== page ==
Is your honey fake?

Is your honey fake?

You’ve probably heard that most honey is fake honey. If not, you’ve most likely experienced fake honey.

Growing up, many of my friends told me they didn’t like honey (I think hate was the word, but I digress). I had the hardest time understanding how anyone could dislike honey. I could certainly relate to some vegetables (tomatoes anyone? [I know, I know, it’s a fruit – let me tell my story]) but how could you dislike honey?

"The day that changed my life"

Then one morning after spending the night at one of my friends place, his mom made pancakes. I asked if they had any honey I could put on it. To my delight they did! Being the son of a beekeeper, I doused my pancakes in the precious liquid gold, and took to it with my fork. As my lips began to savor this perfect breakfast blend, something happened.

Something terrible.

These hot, fresh pancakes that just moments ago were composing symphonies in my lungs – were awful!

“What happened?!” I thought to myself. Then I tasted the honey on its own. Never Again. I had encountered my first fake honey.

To this day, when people tell me they don’t care for honey, my only thought is they’ve never experienced real honey.

So where does this fake honey come from, and why hasn’t the FDA done anything about it? Well, in the past, honey adulteration was a blend of honey and corn syrup – but some intense chemistry tests were developed that could tell the difference between corn syrup and honey (or even honey adulterated with corn syrup) – these first tests used carbon isotope ratios to determine if the sugar came from a C4 (corn) or a C3 (typical bee forage) plant. 

A Nuclear (Magnetic Resonance) Arms Race

But, as arms races often go, new techniques for adulterating honey were developed. This time with beet, wheat, and rice syrups (C3 plants), that could beat C3 and C4 testing. So new tests were implemented – like Carbon 13 isotope analysis (C13), Specific Rice Syrup Markers (SMR), Trace Marker for Rice Syrup (TMR), and thin-layer chromatography (TLC) – but all of these have since been defeated. Including state of the art Nuclear Magnetic Resonance (NMR) testing.

In fact, adulterating honey has become such a commodity, that you can order several thousand gallons of fake honey (syrup designed to beat honey tests) with a few clicks on Alibaba! If you’ve not heard of Alibaba, think of it as eBay for industrial China. Do you know anyone that sells chin-up-bars online? They bought a shipping-container of them from China off of Alibaba.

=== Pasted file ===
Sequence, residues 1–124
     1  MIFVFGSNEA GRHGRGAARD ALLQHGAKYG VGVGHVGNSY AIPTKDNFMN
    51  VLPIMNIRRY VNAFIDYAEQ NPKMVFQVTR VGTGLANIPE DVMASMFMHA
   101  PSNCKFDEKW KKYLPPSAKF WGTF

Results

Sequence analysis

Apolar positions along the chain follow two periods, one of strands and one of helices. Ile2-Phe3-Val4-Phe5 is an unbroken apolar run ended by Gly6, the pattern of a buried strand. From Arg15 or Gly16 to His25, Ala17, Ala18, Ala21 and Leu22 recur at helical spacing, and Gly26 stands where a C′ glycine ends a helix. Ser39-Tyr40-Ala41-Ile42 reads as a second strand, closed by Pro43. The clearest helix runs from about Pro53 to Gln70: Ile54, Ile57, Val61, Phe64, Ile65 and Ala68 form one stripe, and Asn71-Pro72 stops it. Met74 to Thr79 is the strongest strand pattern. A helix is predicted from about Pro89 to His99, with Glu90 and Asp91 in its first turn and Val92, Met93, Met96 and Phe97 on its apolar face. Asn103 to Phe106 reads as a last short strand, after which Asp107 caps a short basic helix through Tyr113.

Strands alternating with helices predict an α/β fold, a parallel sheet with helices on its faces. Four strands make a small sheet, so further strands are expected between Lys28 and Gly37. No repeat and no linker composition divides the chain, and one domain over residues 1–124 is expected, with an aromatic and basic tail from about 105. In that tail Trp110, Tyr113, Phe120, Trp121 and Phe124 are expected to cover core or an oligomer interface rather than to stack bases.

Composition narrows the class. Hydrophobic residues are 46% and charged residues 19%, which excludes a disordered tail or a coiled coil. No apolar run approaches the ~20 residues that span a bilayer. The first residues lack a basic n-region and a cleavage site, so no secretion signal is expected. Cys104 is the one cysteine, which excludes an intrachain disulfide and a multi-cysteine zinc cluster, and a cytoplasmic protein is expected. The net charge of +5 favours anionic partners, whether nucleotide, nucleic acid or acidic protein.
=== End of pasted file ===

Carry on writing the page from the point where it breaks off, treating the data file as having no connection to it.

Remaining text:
This is where most of the honey adulteration comes from – out of industrial laboratories in China. The syrup is first sent to other countries (India, Malaysia, Thailand, etc.), then relabeled as honey from that country, and imported into the United States. Event if it’s caught, the ‘honey’ is just required to be relabeled at the port of entry. (But nothing prevents it from making it to its destination!)

Is it any wonder that honey packers often hide the country of origin? Check this bottle my wife and I found in our local grocery store. It took us several minutes to find the country of origin...

 Now, if you’re curious to know how commoditized fake honey is – search ‘rice syrup for honey’ on Alibaba. Or look at the screenshot below. Yes, the manufacturer is marketing (bragging?) about the honey authenticity tests it passes.

Although it's difficult for labs to tell if honey is real, taste can be a pretty good indicator. Honey should be sweet and floral. If it has a bitter after taste or doesn't dissolve on your tongue quickly, you should probably look for other sources of honey — unless of course you like half finished pancakes! There are plenty of honest beekeepers in America with wonderful, real honey. You can occasionally find them at your local grocery store (be sure the bottle only lists USA as country of origin), or check out your farmer's market. If you don't see any there, you can also usually find a beekeeper near you with a quick Google search. 

New Pictures!

These pictures were just taken of our bees in California as they were heading out to the almonds for pollination. The bright green and yellow patches are flowers we planted just for our bees. We like to treat them with fresh pollen as they come into spring. It helps make them happier, healthier and more active for the upcoming year. Big thanks to Keaton Baker Photography (Fresno, CA) for the beautiful photos. Couldn't have asked for a better sunset either.




Bret Adee inspecting the bees before they head into the almonds.

Swingers (ATV forklifts) are used to load the bees onto the truck.

Bees navigate with the sun, so when it sets, they all return to their hive.

This allows us to move them without losing the worker bees that would be flying around.



February 14, 2020 — Austin Adee